The second epistle of Peter has sometimes been called the “knowledge” epistle of the New Testament. The apostle’s short letter speaks of “knowing” and “knowledge” eleven times – five times in the first chapter alone – and focusses on the importance of what we know more than any other section of the Christian Scriptures.
Notice how Peter begins his epistle directly after addressing his readers:
“Grace and peace be yours in abundance through the knowledge of God and of Jesus our Lord. His divine power has given us everything we need for a godly life through our knowledge of him who called us by his own glory and goodness” (2 Peter 1:2-3, emphases added).
In contrast with the false teachers of that era who taught that true knowledge was hidden and only attainable by a few, Peter stresses that ultimately, true knowledge is knowledge of God and his Son, and that we all have access to everything we need through the knowledge that God openly gives us.
After his introduction, Peter describes what we might call a “spectrum” of spiritual qualities:
“For this very reason, make every effort to add to your faith goodness; and to goodness, knowledge; and to knowledge, self-control; and to self-control, perseverance; and to perseverance, godliness; and to godliness, mutual affection; and to mutual affection, love” (2 Peter 1:5-7, emphases added).
This “spiritual spectrum” ranges from faith through love with the “hope”-related quality of “perseverance” or “endurance” at the center (1 Thessalonians 1:3). As such, we can see that Peter’s list is an expansion of the three qualities of faith, hope and love we know so well from Paul’s writings (1 Corinthians 13:13).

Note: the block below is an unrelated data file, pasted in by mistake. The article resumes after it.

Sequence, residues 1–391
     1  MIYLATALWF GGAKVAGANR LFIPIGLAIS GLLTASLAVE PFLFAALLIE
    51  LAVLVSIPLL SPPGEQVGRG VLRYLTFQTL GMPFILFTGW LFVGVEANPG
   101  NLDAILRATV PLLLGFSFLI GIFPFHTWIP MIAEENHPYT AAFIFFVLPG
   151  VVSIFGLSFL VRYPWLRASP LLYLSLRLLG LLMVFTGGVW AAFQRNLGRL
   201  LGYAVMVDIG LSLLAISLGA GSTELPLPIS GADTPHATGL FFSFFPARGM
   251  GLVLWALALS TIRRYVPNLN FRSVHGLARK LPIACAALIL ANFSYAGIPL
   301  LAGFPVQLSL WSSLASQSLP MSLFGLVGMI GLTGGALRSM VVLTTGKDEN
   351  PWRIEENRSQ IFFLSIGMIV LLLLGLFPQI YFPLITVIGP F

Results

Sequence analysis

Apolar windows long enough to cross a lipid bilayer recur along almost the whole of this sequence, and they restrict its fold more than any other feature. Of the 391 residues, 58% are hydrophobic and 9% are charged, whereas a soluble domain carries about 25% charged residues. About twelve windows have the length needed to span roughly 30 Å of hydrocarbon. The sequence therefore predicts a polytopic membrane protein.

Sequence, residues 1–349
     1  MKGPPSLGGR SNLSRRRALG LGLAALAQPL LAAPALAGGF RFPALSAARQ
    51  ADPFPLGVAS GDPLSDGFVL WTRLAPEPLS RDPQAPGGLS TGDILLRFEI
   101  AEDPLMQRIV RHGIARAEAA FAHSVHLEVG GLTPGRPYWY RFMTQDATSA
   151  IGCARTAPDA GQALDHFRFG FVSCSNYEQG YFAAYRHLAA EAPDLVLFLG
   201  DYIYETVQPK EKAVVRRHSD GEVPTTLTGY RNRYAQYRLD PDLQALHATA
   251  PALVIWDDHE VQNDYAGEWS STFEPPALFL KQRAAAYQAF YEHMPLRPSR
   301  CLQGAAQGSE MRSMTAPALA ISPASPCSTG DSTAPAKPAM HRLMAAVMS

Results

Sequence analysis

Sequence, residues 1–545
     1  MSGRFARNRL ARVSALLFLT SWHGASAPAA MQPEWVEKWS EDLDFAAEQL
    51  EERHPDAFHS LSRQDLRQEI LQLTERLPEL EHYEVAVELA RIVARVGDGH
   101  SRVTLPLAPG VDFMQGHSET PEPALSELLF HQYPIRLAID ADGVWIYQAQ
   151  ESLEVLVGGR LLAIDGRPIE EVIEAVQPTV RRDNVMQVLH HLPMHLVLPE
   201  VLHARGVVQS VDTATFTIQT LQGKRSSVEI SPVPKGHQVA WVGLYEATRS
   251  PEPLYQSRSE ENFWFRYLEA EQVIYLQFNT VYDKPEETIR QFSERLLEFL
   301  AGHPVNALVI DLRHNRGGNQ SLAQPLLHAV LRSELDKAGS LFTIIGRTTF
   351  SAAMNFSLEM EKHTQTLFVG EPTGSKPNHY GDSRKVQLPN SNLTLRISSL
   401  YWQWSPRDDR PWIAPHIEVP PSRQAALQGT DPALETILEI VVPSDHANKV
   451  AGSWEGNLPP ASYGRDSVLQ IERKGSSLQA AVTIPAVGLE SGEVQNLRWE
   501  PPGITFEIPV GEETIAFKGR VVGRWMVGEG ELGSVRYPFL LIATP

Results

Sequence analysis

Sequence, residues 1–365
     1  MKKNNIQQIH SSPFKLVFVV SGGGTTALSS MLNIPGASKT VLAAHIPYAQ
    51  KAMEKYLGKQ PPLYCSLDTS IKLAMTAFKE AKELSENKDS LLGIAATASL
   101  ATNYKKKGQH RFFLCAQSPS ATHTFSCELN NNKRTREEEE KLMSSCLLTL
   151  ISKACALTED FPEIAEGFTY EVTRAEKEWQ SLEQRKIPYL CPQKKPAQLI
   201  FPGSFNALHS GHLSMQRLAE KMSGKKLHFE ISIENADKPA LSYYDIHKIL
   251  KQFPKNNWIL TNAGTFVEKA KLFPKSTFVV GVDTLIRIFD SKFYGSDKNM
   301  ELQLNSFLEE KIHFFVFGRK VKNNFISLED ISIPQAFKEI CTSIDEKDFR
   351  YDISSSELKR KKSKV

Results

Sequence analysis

But notice something else about this “spectrum.” If we look carefully, we see that Peter sets the individual qualities in groups of two: faith/goodness, knowledge/self-control, perseverance/ godliness, mutual affection/love. When we consider these pairs closely, we see that the first quality of each pair represents a mental attitude and the second quality involves a practical application. So faith, knowledge, perseverance (or hope), and mutual affection are all things within our own minds, whereas goodness, self-control, godliness, and love are all things relating to what we do – that we apply in life.
So the “spiritual spectrum” that Peter gives helps teach us that we must have action as well as knowledge. Peter summarizes this fact when he tells his readers later in his letter that we must “… grow in the grace and knowledge of our Lord and Savior Jesus Christ” (2 Peter 3:18). We must have positive change in our lives along with the growth of knowledge or we will fail to grow spiritually as we should.
The pairs of qualities that Peter gives us deserve some thought. How do the qualities relate? What is the connection between each of them? Perhaps above all, Peter’s list shows us that a feeling of affection is not love – that we may have good feelings toward others without really loving them. Mutual affection, Peter’s list shows, is an attitude; love is an action – something we actively do for others.
It is only as we grasp and apply this fact that we will be using the knowledge God gives us as he intended. Peter himself tells us, directly after listing the qualities of his “spiritual spectrum”: “For if you possess these qualities in increasing measure, they will keep you from being ineffective and unproductive in your knowledge of our Lord Jesus Christ” (2 Peter 1:8).